Personal flare is sprinkled throughout their home in the photography on display. Hanging above the dining room’s built-in unit are twin rows of old family photos, and both their bedroom and bathroom feature photographs of places the couple enjoys visiting, like St. James’s in London or the Gare du Nord in Paris.

Between items the couple has collected over the years and the pieces they’ve stumbled upon during vacation, McColl says they’ve managed to inject their personal style into the home one piece at a time, without necessarily feeling the need to fill a room.

“It’s never been the case where we felt like we’ve got this empty house, we’ve got this shopping list, let’s go out and get some furniture for it,” she says.


Making old new again

Kurtz and McColl spent approximately eight weeks renovating their home before they moved in and found that, as charming as owning a historic house was, some features were in dire need of an update, such as the 60-year-old insulation and the outdated electrical system.

“We went through [the house], and there were certain things that needed to be done; the electrical needed to be brought up to code and the furnace room was entirely clad in asbestos sheet rock, so we had to get that removed,” says Kurtz. “There were a couple of weeks of archeologically digging around and understanding what was underneath everything.”

The kitchen, for example, had three layers of linoleum flooring that were removed in favour of the dark porcelain tiles found throughout the main floor of the home. The cabinetry was also given a facelift, with sleek wooden panelling with silver handles to match their modern appliances. However, as with most of their other renovations, the couple was able to maintain the original kitchen layout, including the etched silva ply decorative plywood walls and ceilings, allowing the homeowners to respect the design of the house while bringing it into the 21st century.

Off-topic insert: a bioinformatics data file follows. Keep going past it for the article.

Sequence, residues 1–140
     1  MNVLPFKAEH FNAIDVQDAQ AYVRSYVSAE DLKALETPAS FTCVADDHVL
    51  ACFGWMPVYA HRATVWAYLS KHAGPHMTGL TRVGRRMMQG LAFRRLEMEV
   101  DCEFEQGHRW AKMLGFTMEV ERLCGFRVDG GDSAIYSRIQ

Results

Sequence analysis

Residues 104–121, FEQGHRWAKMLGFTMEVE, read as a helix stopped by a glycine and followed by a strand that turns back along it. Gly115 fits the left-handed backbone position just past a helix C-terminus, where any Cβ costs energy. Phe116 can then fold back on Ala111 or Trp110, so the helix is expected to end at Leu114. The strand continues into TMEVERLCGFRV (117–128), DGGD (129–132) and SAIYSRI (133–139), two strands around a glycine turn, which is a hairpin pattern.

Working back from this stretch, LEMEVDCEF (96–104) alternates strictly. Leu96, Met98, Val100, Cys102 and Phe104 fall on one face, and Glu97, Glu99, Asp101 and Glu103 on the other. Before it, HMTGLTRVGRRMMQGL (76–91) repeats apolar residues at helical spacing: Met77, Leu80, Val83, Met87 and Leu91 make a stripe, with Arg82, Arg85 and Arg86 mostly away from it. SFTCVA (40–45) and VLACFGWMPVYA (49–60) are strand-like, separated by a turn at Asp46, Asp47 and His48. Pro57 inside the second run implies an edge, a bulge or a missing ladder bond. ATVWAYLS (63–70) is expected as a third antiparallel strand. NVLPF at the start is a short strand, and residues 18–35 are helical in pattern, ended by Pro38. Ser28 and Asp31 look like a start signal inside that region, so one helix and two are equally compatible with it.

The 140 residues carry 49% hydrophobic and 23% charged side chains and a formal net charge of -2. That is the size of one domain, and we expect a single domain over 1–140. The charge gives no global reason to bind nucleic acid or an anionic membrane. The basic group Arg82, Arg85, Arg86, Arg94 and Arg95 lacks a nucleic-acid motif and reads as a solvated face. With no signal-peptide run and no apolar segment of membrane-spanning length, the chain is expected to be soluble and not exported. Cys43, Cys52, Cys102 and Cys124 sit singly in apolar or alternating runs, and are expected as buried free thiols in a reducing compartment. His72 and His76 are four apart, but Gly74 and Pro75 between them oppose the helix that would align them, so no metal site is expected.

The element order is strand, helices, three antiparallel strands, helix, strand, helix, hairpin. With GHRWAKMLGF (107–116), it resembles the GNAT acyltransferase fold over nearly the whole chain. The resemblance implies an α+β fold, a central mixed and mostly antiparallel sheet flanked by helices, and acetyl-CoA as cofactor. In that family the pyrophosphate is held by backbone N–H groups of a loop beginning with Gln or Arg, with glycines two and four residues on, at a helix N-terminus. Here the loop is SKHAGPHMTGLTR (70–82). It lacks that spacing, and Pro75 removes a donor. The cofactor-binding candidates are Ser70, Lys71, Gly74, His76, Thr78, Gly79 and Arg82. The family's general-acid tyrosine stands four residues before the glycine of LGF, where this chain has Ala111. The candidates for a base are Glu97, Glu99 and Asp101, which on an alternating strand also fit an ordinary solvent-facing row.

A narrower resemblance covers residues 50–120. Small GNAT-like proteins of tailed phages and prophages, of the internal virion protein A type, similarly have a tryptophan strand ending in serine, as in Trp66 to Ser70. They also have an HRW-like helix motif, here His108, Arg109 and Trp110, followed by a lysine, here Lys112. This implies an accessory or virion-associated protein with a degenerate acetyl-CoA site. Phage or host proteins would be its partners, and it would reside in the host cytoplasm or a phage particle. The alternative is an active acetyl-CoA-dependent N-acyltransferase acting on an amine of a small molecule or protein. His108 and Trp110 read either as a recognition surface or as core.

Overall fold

The couple had been living in San Francisco when they bought the house and had originally picked paint for their new home there, but, on arriving in Calgary, they found that the different quality of light here made them rethink their choices.

“When the original colours went up, it wasn’t long before we realized [they] were really muddy,” says McColl. “We just went with something neutral across the whole house.”

Some rooms required little or no improvement, such as the living room just off the main entryway, with its impressive red cedar feature wall and ceiling, and Douglas fir plywood walls and exposed beams. Its large clerestory windows face the front yard, allowing natural light in without exposing the room to the outside world, and the brick fireplace element, which protrudes from the house’s main facade, are all classic mid-century modern that tie the exterior and interior house together, something the pair wanted to showcase.

The three-quarter walls lend the dining space an intimate yet open feel.


Light tones and open wood features create a sense of space in the home.


The kitchen’s pass-through allows communication between hosts and dinner guests and contributes to the open feel of the rooms.


The Material List